Computer Boot-Up Problems

  Electronic_Eric 21:47 08 Jan 2009

Im having trouble with my computer starting.
Its keeps getting to a certain stage in the boot-up sequence and then it freezes. Its at the very start of the boot-up sequence that it freezes. It freezes at the stage ive just below.

Momory Frequency For DDR400 Specifications
HOST/DRAM Frequency is 200/200Mhz
AGP/PCI Frequency is 66/33Mhz

It takes a long while (2 or 3 minutes) for it to do what ever it does at the "AGP/PCI Frequency is 66/33Mhz" stage. Usually it only takes a couple of seconds. After a couple of minutes it quickly displays "Detecting IDE Channels..." and then carries on like normal at the usual speed that it does it.

First couple of times i managed to get it to start Windows, it didnt load the usual installion of Windows. It loaded up an old installion of Windows. Ive removed all of my other harddrives and now it loads the correct installion of Windows (obviously).

When i logged into Windows, it said that there were two new devices attached and it recognized it to be Primary and Secondary IDE ATA/ATAPI Channel Contollers. It also said i had new programs installed. Which is a load of rubbish. Ive had the hardware setup for a good year or so and the last time i installed anything about about 2 months ago.

What the hell could be wrong? I thought it might of been the bios battery but that was fine and i thought it might of been the SATA cables into the back of the harddrives. They were connected properly too.

My system is a Abit IC7 Max-3 motherboard with a 2.8Ghz HT P4. 1Gb of DDR400

  Technotiger 23:29 08 Jan 2009

Have you tried a System Restore back to before this happened?

  brundle 23:42 08 Jan 2009

Can you try another PSU? Tried the machine for a while with all but essentials connected (mouse, monitor, keyboard)?

  Jim_F 23:43 08 Jan 2009

The answer may be in the 'loaded an old install of windows'

Possible scenario is:

Master drive starts late-old windows detected-this messes with bios settings-hence 'new' devices.

I'd never have have multiple versions without a boot manager but also add that unexpected boot problems when running multiple drives generally point to a PSU issue first then a faulty drive.

  Electronic_Eric 03:23 09 Jan 2009

I just use the bios settings as a boot-up manager. Hmmmmm......Thinking about it, the old version of Windows booting up might be because i took the bios battery out to check to see if it was ok. After i put it back in and was able to get to my bios settings. I went through it all to change all of my settings back. I must of forgot about this.

It is still taking way too long to boot-up suggesting that there is a definite problem.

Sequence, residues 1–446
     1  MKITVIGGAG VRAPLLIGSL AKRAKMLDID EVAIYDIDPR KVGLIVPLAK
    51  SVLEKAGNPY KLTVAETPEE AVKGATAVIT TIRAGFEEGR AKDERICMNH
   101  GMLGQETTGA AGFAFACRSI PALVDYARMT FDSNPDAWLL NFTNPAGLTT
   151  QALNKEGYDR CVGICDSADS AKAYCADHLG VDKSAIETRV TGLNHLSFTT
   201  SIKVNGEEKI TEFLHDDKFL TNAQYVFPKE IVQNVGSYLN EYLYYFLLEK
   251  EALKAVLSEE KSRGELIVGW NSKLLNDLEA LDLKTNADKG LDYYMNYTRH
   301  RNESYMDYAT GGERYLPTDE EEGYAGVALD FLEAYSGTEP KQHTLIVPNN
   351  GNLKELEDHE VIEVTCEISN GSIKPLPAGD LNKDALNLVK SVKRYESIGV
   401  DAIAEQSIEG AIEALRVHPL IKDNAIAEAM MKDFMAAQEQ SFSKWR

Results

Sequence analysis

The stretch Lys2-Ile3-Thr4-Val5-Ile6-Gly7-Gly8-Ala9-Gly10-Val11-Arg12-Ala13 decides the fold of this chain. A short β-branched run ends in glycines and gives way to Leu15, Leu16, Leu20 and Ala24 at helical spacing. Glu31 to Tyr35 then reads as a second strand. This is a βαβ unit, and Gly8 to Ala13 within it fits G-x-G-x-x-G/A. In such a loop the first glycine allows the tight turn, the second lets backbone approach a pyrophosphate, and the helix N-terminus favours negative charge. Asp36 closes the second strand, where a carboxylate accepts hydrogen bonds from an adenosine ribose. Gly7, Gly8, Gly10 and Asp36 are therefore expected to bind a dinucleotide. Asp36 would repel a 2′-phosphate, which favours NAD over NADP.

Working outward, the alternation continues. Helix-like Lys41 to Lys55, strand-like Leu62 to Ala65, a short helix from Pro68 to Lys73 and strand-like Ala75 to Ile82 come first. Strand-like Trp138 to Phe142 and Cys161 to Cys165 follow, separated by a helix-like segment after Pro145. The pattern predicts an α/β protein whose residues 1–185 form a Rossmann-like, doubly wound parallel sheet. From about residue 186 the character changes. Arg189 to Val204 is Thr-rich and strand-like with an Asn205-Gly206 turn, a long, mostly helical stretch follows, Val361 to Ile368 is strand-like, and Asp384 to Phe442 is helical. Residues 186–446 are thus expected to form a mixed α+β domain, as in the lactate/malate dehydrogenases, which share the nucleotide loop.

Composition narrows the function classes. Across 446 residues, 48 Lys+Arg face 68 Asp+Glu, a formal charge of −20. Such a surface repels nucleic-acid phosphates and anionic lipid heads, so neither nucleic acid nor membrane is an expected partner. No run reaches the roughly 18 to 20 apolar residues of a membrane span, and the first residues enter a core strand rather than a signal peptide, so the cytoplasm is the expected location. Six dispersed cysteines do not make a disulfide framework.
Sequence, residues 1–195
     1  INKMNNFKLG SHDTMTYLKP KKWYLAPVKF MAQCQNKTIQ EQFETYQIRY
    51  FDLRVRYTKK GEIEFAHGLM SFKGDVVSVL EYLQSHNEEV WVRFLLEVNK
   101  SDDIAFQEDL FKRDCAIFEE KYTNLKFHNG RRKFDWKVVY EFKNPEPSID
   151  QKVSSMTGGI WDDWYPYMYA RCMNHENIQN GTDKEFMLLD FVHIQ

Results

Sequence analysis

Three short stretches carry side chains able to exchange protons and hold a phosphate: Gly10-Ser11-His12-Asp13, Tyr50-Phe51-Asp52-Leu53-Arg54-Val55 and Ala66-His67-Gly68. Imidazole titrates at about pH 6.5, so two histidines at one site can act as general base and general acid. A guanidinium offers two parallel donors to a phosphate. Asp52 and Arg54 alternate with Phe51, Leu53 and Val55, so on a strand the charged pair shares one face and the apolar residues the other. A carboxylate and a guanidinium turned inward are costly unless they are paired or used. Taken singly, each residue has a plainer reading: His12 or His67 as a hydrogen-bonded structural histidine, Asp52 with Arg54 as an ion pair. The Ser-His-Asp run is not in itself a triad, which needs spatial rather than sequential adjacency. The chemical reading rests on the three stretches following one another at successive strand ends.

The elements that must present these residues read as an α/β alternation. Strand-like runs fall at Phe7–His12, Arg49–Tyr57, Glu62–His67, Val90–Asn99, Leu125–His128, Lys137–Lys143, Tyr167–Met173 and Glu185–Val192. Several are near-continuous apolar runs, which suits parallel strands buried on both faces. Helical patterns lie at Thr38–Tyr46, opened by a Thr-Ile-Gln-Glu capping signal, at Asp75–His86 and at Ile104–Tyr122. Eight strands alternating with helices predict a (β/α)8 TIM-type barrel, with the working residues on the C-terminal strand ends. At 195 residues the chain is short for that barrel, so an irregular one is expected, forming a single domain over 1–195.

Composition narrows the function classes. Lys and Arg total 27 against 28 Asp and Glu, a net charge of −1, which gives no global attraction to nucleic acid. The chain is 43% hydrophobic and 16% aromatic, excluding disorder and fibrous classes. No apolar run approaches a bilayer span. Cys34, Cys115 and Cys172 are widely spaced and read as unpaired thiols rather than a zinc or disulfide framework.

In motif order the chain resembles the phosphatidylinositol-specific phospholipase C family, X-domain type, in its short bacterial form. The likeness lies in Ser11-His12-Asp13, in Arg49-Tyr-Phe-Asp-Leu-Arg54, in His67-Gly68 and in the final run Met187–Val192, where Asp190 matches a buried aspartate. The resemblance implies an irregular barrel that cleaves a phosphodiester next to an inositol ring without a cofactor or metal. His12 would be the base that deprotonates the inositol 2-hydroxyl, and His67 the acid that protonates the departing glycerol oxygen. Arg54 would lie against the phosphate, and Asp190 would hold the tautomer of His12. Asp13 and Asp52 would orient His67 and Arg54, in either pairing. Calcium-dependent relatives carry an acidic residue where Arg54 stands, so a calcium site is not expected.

Which sort drives usually start to fail? Harddrives or CD/DVD drives?

  Electronic_Eric 03:50 09 Jan 2009

When looking at the voltages in my bios. How accurate do they need to be? Within 0.5 volts or what?

  Jim_F 14:10 09 Jan 2009

In my experience a hard drive drive failing can be slow to spin up due to locked bearings or failing motor - locked bearings were a fairly common problem in the days when drives were sized Mb rather than Gb.

I have known XP get really grumpy and take an age to start when its sees 2 candidate boot disks even though the boot order is set in bios. If the other disks are disabled it should be OK.

But it maybe the bios is corrupt so it might be worth a CMOS result and set to safe defaults before applying your deferred settings.

I believe the ATX spec is + or - 5% for voltages - I would double check these under load with a DVM.

  Jim_F 14:22 09 Jan 2009

Sorry "preferred settings" :)

  Electronic_Eric 17:37 09 Jan 2009

I removed the bios battery when it first started to do it this time. When i put the bios battery back in after checking it, it told me the CMOS Checksum was incorrect. It loaded the default bios settings and then i altered it to my preferred settings.
It still had problems loading.

  Jim_F 12:25 10 Jan 2009

I would try this again to see if the checksum is still incorrect and also short the link to make sure there is no residual voltage. (Just to check - you are physically removing the power not just switching off at the PSU ?).

I note some manuafacturers recommend saving factory defaults first after a reset or reflash - to be on the safe side I always do this, test the machine and then apply my preferred settings.

On one nerve racking occasion (cause by a power supply short) I had to do this twice before the machine would play ball.

  Electronic_Eric 00:50 17 Feb 2009

This problem is happening again. The first few times it wouldn't get pass what i have copied below.

Memory Frequency For DDR400 Specifications
HOST/DRAM Frequency is 200/200Mhz
AGP/PCI Frequency is 66/33Mhz

Then it started to tell me that the "CPU is unworkable or has been changed". It keeps telling me this every time i boot up now.

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